NMC Utilizing Life-Saving Communication Technology in Emergency Departments

Jan 23, 2019

As the only hospital in Nacogdoches that has earned The Joint Commission’s Gold Seal of Approval® for both Chest Pain and Stroke Certification, as well as Level IV Trauma Center Designation from the Department of State Health Services, NMC Health Network’s multidisciplinary emergency services team has implemented effective data-driven performance improvement processes and employed innovative treatment options in order to eliminate or reduce the devastating effects of a critical illness or injury and lessen the chance of permanent disability. Recently NMC activated exciting new technology at both their Nacogdoches and Shelby County Emergency Departments that improves communication between Emergency Medical Service (EMS) providers and Emergency Room (ER) teams preparing to receive acutely ill patients.

In the past, EMS to hospital communications were coordinated by phone calls, handheld radios, faxes and/or pagers. Today, smart devices are revolutionizing the way this communication occurs. NMC recently launched Pulsara, a cloud-based telecommunications platform that facilitates real-time interactions between EMS responders and Emergency Department staff enabling instant transmission of data from the field to hospital personnel via smart device. This vital communication helps accelerate time to treatment for critical care patients, which in turn can improve outcomes.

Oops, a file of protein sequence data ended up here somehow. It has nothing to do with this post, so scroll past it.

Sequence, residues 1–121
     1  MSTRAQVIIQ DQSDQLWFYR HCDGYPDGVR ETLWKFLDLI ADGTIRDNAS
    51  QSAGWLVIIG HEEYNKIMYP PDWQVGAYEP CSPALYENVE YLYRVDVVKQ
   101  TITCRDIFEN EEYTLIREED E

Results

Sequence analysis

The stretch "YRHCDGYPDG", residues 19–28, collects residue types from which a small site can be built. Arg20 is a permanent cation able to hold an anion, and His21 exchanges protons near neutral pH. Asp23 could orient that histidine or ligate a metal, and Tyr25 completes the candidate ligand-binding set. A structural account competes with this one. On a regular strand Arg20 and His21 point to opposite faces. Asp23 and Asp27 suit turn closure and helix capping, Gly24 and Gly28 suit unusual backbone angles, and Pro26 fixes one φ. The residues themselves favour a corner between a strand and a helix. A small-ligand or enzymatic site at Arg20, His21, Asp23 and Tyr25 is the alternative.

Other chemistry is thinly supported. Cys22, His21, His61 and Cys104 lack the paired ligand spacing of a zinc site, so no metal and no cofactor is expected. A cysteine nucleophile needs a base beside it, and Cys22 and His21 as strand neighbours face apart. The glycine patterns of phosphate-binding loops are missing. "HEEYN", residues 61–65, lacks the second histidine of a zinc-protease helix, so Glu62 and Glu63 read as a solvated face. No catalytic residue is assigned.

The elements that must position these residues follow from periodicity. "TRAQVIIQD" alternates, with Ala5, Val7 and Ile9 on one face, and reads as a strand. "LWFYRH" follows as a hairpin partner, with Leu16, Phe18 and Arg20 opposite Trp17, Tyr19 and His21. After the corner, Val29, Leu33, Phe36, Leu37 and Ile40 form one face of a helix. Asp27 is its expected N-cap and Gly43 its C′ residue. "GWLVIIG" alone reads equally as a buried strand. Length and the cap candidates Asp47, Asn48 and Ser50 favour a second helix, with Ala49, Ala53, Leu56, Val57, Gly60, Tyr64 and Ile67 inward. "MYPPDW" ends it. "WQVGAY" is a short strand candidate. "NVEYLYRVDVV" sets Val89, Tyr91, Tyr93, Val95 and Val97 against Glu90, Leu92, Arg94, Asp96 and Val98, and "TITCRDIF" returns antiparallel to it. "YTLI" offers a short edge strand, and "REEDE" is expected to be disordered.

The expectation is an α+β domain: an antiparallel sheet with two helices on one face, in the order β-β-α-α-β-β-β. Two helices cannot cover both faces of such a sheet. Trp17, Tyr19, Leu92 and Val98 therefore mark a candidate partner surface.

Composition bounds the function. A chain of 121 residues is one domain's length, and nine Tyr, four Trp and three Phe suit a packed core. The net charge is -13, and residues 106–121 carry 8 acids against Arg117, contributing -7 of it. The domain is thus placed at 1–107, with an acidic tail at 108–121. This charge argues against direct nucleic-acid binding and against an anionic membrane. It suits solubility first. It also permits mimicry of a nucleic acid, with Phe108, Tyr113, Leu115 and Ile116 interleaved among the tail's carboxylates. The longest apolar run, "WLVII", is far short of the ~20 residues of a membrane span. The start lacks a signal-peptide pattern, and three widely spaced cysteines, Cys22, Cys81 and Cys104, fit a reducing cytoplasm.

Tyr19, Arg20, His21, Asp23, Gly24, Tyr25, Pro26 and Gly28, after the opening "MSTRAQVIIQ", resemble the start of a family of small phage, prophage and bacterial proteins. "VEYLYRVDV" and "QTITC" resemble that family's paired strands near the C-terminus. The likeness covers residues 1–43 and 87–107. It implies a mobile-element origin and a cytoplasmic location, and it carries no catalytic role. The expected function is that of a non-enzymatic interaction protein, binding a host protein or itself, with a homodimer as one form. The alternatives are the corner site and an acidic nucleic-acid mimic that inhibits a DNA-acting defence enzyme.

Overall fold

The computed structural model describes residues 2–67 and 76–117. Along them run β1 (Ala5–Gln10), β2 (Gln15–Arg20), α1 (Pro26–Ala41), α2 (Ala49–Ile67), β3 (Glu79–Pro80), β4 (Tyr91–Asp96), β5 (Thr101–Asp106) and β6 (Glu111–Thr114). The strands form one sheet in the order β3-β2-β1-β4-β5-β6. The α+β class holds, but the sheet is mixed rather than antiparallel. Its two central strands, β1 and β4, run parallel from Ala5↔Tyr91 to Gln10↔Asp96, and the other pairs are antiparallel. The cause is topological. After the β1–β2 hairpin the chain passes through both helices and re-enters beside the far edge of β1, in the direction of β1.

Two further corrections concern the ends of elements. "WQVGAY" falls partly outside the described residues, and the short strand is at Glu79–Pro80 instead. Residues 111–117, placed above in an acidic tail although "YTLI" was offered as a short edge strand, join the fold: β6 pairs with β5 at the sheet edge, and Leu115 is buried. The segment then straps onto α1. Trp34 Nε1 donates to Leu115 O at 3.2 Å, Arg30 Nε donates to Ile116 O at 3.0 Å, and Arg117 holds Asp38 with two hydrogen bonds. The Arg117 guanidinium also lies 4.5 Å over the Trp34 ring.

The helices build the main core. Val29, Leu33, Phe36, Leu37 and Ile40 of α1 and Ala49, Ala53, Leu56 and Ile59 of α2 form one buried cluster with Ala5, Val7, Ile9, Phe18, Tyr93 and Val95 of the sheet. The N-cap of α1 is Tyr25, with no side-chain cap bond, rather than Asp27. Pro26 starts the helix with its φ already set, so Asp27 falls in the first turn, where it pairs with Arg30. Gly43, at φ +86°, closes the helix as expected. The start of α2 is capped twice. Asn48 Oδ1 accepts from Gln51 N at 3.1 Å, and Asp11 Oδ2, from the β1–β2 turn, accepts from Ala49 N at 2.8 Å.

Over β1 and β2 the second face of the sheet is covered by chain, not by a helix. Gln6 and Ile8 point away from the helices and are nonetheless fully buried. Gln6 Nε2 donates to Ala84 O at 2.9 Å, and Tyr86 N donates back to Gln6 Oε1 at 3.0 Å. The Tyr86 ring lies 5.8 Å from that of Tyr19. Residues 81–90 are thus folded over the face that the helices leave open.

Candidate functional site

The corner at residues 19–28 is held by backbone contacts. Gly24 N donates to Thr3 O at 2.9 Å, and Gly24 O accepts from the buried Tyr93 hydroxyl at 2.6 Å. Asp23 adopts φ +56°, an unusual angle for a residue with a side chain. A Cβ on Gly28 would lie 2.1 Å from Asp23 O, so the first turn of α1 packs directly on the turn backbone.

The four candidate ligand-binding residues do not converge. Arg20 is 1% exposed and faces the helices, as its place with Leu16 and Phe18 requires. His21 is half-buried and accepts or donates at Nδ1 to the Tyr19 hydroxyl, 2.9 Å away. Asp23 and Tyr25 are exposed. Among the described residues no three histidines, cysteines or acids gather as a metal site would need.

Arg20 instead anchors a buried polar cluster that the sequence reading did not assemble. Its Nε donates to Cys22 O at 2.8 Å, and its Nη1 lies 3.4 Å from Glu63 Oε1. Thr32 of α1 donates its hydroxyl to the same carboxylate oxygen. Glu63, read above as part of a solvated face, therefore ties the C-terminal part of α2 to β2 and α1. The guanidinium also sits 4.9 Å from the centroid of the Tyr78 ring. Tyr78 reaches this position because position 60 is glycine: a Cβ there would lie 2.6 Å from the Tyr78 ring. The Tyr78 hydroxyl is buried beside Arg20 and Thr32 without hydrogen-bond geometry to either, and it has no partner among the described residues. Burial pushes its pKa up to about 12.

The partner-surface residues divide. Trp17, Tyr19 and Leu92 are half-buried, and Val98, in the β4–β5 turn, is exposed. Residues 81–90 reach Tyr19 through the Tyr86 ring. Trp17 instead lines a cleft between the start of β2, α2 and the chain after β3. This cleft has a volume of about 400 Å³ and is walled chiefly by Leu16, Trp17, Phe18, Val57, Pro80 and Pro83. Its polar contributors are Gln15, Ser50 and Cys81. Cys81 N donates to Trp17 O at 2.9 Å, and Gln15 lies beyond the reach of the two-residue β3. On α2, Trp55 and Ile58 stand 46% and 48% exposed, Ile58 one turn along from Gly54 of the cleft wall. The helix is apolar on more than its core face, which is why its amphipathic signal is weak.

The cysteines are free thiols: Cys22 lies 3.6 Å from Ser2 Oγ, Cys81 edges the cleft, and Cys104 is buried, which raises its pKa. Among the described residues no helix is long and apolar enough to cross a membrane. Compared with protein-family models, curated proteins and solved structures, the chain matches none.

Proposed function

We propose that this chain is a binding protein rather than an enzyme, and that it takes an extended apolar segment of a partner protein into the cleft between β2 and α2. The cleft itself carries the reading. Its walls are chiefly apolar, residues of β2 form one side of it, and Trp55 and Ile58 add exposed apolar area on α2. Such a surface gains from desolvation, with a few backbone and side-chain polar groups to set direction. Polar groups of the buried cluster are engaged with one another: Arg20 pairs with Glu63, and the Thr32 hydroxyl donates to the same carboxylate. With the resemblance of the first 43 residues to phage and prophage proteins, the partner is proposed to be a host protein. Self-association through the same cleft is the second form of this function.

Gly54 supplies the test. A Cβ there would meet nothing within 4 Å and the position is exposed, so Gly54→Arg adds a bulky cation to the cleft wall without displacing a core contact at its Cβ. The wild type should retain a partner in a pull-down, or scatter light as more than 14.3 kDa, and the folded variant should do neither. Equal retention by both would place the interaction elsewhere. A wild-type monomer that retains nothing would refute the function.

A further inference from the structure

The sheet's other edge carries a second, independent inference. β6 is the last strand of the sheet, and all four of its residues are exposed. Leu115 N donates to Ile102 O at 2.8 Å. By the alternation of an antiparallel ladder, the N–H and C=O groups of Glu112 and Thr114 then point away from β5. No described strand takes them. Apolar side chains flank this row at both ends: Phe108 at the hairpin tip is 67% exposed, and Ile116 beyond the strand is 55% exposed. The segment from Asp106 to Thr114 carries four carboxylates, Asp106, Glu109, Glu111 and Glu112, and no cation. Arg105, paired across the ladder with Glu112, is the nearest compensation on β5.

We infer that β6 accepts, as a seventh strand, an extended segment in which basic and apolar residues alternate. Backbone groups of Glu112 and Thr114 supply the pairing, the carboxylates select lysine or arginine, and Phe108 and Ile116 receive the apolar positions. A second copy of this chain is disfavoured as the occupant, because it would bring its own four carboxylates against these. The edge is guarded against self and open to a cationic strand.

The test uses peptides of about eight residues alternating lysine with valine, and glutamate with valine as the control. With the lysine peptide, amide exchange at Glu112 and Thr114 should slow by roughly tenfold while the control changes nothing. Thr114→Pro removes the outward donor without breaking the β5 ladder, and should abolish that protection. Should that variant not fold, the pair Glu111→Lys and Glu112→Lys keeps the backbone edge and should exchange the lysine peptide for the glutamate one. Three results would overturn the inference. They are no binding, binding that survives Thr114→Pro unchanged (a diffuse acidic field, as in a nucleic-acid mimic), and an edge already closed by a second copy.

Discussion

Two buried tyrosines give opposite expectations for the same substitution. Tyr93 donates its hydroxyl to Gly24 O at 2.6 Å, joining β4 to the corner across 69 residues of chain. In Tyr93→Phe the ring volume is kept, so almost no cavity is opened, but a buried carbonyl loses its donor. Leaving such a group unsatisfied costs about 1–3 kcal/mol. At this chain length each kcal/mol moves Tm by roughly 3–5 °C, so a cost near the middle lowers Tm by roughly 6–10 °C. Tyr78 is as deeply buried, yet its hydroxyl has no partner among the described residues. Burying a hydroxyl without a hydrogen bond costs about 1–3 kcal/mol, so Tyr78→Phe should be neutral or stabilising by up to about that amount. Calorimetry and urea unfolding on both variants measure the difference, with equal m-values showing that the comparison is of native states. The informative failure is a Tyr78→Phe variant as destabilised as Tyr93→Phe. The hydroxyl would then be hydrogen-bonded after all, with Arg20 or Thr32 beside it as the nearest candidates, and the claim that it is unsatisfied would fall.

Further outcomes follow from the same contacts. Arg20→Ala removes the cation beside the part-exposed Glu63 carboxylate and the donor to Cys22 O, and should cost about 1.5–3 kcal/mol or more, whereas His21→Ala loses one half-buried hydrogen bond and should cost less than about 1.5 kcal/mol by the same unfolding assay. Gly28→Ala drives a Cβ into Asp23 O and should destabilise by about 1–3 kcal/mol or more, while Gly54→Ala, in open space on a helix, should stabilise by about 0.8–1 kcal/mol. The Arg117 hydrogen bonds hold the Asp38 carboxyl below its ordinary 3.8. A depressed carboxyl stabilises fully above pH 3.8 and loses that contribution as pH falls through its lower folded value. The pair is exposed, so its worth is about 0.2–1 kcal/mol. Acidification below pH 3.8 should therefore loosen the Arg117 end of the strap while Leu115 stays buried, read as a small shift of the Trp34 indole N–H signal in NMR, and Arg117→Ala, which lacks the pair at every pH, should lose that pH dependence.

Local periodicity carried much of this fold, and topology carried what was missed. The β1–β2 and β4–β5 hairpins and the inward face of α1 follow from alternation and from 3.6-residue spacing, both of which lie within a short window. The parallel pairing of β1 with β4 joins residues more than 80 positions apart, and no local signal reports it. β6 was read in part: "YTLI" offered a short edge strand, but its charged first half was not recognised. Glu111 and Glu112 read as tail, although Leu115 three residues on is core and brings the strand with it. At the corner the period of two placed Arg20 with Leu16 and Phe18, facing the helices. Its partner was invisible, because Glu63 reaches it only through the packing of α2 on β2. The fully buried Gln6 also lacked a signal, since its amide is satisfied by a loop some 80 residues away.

“EMS personnel alert our team when they have a patient coming in,” said Mark Burgess, Director of Critical Care Services at NMC. “This communication is crucial in order to prepare for patient arrival. Sending data via smart device can prevent misunderstanding of a radio report, missing a fax or email, or getting a busy phone signal; and the information is conveyed immediately, facilitating faster, life-saving treatment for our patients when they arrive.”

Speed to treatment is especially important in the case of heart attack, stroke and trauma. In these time-sensitive emergencies, the new technology allows clinicians to review audio clips and images, as well as participate in video calls from the field. In addition to emergency room personnel, other areas of the hospital can also be notified of an incoming emergency such as cath lab or operating room teams enabling them to quickly respond to emergent situations. With specialized heart attack and stroke workflows, some hospitals that use the technology report an average reduction in time to treatment of 20% to 40%.

“We are very excited about the potential this cutting-edge communications technology has to help our community,” said Philip Koovakada, NMC Chief Executive Officer. “We want to provide our team with every advantage possible to enhance the care we deliver to our patients. Information is power, and this tool has the capability to save lives.”

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